Date of Award

Summer 8-2017

Level of Access

Campus-Only Thesis

Degree Name

Master of Arts (MA)




Marie J Hayes

Second Committee Member

Alan Rosenwasser

Third Committee Member

Clifford Singer

Additional Committee Members

Rebecca MacAulay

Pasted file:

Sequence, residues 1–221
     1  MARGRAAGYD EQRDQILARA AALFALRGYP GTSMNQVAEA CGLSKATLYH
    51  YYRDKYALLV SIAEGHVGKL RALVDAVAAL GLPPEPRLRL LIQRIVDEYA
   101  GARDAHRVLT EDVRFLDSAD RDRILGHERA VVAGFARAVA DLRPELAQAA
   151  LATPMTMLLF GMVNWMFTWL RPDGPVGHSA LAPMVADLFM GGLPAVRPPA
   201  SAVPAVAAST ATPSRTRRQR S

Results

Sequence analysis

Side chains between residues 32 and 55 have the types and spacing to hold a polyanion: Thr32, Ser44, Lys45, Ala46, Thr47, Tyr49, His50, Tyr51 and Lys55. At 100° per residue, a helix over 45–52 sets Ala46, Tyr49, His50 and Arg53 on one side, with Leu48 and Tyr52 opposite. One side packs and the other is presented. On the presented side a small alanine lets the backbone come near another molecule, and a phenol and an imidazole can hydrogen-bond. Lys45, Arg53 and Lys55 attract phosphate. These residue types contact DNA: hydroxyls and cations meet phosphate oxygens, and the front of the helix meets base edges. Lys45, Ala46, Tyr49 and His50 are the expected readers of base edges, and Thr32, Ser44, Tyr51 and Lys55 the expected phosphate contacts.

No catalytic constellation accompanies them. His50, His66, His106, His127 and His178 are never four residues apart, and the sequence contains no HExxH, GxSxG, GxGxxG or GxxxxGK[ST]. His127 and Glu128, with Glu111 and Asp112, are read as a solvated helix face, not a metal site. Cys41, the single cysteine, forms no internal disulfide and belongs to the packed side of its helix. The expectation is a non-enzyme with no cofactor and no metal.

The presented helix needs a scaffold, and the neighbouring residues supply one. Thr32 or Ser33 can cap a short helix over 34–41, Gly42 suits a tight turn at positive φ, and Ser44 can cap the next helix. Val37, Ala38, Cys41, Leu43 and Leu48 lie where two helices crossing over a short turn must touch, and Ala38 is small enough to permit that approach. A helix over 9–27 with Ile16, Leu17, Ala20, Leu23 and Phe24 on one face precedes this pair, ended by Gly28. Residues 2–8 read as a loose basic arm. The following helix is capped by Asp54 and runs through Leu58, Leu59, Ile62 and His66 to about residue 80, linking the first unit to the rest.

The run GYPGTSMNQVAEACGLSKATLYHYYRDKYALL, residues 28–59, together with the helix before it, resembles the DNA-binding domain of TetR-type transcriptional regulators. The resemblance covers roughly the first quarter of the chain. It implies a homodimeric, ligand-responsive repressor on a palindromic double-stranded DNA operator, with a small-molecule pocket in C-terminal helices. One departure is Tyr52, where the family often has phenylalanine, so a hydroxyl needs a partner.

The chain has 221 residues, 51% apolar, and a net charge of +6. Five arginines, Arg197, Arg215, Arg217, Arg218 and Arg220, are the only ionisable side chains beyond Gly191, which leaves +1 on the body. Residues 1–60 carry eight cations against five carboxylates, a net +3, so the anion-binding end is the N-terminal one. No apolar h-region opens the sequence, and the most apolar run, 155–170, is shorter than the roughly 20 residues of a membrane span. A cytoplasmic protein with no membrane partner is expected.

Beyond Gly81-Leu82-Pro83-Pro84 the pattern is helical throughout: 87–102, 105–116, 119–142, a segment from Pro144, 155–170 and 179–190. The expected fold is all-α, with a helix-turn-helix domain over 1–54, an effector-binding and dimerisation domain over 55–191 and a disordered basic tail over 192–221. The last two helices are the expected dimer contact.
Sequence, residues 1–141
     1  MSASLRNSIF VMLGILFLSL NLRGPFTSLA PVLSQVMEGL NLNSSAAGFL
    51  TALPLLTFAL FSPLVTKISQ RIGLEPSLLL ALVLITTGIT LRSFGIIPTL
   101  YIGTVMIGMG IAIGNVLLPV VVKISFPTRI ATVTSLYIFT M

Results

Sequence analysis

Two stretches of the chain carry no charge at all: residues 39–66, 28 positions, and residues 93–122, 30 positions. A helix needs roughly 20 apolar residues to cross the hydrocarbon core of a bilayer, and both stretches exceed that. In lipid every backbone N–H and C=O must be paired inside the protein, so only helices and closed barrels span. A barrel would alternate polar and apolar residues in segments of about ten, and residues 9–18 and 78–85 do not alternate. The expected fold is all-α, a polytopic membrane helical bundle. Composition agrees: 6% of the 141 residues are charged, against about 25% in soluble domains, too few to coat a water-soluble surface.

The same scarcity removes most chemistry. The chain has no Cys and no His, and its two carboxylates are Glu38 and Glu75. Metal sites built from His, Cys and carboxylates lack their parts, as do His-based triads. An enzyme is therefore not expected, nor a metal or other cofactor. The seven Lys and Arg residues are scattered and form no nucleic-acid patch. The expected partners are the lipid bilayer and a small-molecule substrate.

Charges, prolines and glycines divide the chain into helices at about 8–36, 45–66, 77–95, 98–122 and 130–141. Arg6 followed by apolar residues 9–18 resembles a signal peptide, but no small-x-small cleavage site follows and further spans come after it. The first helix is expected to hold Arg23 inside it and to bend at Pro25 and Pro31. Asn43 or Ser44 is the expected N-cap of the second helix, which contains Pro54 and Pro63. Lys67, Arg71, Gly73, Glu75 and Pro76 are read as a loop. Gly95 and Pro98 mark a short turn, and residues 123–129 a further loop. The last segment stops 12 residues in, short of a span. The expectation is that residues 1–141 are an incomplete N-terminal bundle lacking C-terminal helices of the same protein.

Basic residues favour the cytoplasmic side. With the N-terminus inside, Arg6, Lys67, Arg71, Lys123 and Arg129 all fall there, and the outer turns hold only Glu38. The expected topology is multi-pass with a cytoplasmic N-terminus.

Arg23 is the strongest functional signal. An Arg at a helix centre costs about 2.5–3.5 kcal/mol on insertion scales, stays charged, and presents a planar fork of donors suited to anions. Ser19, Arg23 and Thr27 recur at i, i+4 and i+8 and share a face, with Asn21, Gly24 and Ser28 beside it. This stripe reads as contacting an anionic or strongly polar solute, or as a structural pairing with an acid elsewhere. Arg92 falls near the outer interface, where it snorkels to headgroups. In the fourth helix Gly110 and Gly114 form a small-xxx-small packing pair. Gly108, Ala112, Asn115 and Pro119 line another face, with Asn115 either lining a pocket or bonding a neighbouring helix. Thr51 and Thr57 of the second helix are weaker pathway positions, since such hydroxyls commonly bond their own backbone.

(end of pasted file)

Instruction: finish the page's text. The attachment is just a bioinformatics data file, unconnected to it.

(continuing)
As individuals age, degradation of many health systems is a commonality (Cauley et al., 2012, McNicoll & Siegel, 2012). The rising demographic of aging individuals in the United States creates concern for conserving quality of life (QoL), importantly, identifying mechanisms which lead to cognitive decline in aging is key to the identification of risk factors and in new strategies to maintain QoL. Mild cognitive impairment (MCI) is a disorder of aging diagnosed by the presence of significant cognitive decline in more than one cognitive domain that is greater than expected for an individual’s age and education level (Petersen et al.,2014; Ju et al., 2014). MCI is a prelude to a more serious cognitive loss associated with Alzheimer’s disease (AD) and other dementias, and together these disorders of late life cognitive decline compose one of the largest disorders of aging. Epidemiological studies show that progression to dementia occurs in about 50% of individuals diagnosed with MCI in just 5 years (Silkis et al., 2005), but identifying patient factors that lead to this progression remains challenging. Importantly, it is well known that sleep quality is a major contributor to overall health, particularly to brain health, associated cognitive abilities and prevalence of sleep disturbance increases with age (3,4). This relationship between increased sleep disturbance associated with pathological cognitive decline may shed light onto the mechanistic function of sleep disturbance in the development of MCI and progression to dementia. The main hypothesis of this study is that sleep disorder will be associated with cognitive impairment and that this relationship will be more common in aging individuals with MCI than those without this diagnosis. Participants (N=20) from 65-85 years were assessed to determine impact of sleep disturbance on cognitive status. MCI diagnosed (n=9) individuals recruited from Acadia Hospital and a community sample of sociodemographically similar, but non-diagnosed group (n=11) were tested for two nights in the home bed with a novel sleep device designed to assess various sleep parameters to identify sleep disturbance. Memory consolidation was probed using a simple procedural memory task (Walker & Stickgold, 2002; 2004), and one-month follow-up assessment conducted to assess various domains of neurocognitive functioning including immediate and delayed recall, psychomotor speed, executive functioning, etc. Results from this study reveal that individuals with MCI show significant deficits in psychomotor processing speed and executive functioning (ppp